Nasa gives go-ahead for nuclear mission to outer planets

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The Independent Online

An ambitious and controversial mission to explore the other planets of the solar system using nuclear-powered spacecraft has come a step closer after Nasa gave a giant aerospace company the go-ahead to develop revolutionary new engines.

An ambitious and controversial mission to explore the other planets of the solar system using nuclear-powered spacecraft has come a step closer after Nasa gave a giant aerospace company the go-ahead to develop revolutionary new engines.

The aim is to build an interplanetary space probe powerful enough to fly vast distances and still to have enough power to collect scientific information and send it back to Earth.

Nasa, the US's National Aeronautics and Space Administration, is giving $6m (£4.3m) to the American company Lockheed Martin to investigate the concepts needed to build such a deep-space explorer powered by a miniature nuclear reactor.

Project Prometheus, named after the Greek god who gave fire to humanity, will concentrate on nuclear propulsion because it is considered the only form of power that can meet the mission's requirements.

But critics will question the safety of launching potentially dangerous nuclear material into space, especially after the technical failures that led to shuttle crash earlier this year.

Nasa said an immediate goal of Prometheus was to provide the propulsion to send a spacecraft to the planet-sized moons of Jupiter - Callisto, Ganymede and Europa - which may harbour life beneath their icy surfaces.

Solar-powered instruments would be of little help in analysing the moons and planets of the outer solar system, where the sunlight is weak and ineffectual. Nasa has decided, therefore, that only a nuclear-fission reactor would provide sufficient electricity to probe these worlds.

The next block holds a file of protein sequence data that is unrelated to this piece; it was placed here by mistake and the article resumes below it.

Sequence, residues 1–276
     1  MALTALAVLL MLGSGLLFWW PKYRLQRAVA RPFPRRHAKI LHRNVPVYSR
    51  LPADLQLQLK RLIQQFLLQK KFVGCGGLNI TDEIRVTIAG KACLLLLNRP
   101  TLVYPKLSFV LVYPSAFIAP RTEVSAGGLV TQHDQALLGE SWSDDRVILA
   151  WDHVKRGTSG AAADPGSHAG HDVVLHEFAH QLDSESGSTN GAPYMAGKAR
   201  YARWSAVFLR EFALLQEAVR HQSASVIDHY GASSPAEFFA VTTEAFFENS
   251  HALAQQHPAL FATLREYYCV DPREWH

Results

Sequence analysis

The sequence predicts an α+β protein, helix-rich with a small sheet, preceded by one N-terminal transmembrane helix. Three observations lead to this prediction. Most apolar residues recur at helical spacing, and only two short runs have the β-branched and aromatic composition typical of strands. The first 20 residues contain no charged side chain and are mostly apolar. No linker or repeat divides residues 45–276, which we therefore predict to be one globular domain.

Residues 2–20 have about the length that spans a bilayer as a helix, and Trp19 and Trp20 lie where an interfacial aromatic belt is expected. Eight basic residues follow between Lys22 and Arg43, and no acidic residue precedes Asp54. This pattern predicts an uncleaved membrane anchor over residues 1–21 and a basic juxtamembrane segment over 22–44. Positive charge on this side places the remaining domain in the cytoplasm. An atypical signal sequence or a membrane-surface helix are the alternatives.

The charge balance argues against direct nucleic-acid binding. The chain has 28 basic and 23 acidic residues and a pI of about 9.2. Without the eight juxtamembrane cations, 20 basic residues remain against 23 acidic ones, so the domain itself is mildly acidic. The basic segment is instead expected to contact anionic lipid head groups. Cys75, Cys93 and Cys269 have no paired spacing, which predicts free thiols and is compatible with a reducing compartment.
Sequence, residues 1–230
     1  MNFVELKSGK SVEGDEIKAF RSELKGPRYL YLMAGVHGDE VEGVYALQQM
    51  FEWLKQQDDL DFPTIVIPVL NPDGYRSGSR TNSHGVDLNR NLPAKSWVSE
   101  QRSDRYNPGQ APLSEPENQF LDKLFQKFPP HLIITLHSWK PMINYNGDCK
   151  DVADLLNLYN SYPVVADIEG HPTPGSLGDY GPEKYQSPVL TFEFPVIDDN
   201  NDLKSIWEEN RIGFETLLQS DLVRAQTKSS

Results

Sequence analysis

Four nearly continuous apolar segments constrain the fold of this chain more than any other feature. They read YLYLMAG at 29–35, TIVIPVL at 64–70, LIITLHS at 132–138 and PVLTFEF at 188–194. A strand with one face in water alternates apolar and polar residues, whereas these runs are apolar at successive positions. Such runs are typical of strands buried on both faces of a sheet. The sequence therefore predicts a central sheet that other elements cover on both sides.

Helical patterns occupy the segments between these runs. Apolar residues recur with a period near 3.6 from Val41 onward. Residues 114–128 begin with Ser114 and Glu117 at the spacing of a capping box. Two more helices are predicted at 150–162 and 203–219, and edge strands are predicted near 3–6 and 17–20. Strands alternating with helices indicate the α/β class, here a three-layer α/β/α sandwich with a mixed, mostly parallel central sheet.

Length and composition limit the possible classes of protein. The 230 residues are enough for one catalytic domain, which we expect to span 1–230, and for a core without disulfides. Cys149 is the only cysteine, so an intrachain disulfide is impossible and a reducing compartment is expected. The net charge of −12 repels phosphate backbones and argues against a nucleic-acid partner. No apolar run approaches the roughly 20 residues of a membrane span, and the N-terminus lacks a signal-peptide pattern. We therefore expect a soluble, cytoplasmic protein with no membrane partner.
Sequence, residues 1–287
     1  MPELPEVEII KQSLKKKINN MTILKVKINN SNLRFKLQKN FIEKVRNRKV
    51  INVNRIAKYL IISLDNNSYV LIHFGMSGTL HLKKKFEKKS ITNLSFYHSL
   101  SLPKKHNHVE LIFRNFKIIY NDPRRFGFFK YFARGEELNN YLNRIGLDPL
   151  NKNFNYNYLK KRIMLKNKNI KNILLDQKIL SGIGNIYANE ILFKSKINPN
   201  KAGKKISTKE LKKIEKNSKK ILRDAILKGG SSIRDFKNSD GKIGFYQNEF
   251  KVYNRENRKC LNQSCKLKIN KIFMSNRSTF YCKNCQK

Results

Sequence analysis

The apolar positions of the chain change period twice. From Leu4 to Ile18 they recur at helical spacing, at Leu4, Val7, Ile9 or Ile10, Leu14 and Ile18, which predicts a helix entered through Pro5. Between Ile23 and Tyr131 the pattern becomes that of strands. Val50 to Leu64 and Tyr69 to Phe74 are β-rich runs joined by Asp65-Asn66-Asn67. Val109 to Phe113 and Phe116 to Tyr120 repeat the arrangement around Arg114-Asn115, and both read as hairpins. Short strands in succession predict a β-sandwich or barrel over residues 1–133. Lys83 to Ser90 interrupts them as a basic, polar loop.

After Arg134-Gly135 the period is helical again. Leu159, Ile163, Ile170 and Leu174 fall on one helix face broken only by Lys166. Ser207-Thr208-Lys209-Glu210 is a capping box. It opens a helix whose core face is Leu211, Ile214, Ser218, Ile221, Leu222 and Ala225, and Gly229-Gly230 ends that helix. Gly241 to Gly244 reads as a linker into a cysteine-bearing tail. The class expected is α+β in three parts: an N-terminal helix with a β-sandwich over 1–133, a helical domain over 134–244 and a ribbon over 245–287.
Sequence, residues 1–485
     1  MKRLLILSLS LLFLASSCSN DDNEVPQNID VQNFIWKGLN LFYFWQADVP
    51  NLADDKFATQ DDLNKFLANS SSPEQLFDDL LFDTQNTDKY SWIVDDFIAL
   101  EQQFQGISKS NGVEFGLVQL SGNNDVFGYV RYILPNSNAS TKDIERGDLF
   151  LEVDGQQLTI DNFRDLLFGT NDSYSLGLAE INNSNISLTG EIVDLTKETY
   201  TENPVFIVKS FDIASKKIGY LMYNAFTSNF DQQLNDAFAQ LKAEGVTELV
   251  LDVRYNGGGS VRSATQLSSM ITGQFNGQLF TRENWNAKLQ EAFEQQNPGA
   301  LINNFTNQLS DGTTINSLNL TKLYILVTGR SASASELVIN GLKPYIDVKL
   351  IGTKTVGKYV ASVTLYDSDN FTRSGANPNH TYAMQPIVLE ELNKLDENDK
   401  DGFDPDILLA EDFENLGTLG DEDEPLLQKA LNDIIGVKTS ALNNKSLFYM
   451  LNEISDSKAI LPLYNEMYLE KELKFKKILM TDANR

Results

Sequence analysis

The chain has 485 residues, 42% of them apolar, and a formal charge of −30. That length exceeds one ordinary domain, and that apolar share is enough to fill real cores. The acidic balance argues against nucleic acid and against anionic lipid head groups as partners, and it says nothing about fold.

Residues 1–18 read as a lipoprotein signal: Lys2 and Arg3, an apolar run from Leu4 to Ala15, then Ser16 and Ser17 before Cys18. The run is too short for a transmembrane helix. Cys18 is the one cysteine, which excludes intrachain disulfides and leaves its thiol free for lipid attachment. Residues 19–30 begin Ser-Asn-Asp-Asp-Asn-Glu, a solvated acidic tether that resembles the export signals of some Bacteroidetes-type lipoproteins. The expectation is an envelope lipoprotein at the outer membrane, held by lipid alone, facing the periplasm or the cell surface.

Existing space probes have reached as far as Jupiter and beyond but they have had to operate on the power equivalent to a few electric lightbulbs, which has severely limited what they could do, where they could go and what they could transmit back to Earth.

A nuclear-powered spacecraft could not only operate powerful radars and other remote-sensing instruments but use its engines to travel more freely instead of relying on the gravitational "sling-shot" technique that limits the trajectory of existing probes.

"Project Prometheus will develop the means to efficiently increase power for spacecraft, thereby fundamentally increasing our capability for Solar System exploration," Nasa said. "Increased power for spacecraft means not only travelling farther or faster, but is also means exploring more efficiently with enormously greater scientific return."

The first candidate for nuclear propulsion, the Jupiter Icy Moons Orbiter ( Jimo), is unlikely to be launched before 2011 because of the time needed to build the spacecraft. However, as a fleet of space probes heads for Mars over the coming two years, the next target is likely to be Europa and its vast ice-covered ocean, confirmed by the space probe Galileo. Last year, the US National Research Council ranked a Europa orbiter as top priority for a "flagship" mission because of the possibility it might harbour life.

Nasa scientists calculate that a nuclear-fission reactor on the Jimo spacecraft would give it a hundred times more power than a comparable space probe powered by solar panels. A reactor for a spacecraft would have to be about 10,000 times smaller than typical scientific reactors used on the ground.

It would also have to incorporate safety enhancement. One feature is for the reactors to remain "cold" - not turned on - until they are well beyond Earth's orbit. Another is to ensure that once the mission is over the spacecraft is sent into a trajectory that takes it well away from Earth.

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